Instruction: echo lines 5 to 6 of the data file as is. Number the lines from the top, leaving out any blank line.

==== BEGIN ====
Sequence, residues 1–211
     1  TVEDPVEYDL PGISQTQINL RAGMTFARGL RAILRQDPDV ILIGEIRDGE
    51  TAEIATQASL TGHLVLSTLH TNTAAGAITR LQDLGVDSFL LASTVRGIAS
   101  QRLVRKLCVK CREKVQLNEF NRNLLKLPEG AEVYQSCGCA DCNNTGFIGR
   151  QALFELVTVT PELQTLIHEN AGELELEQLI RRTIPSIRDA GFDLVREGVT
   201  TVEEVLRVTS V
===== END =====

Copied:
   151  QALFELVTVT PELQTLIHEN AGELELEQLI RRTIPSIRDA GFDLVREGVT
   201  TVEEVLRVTS V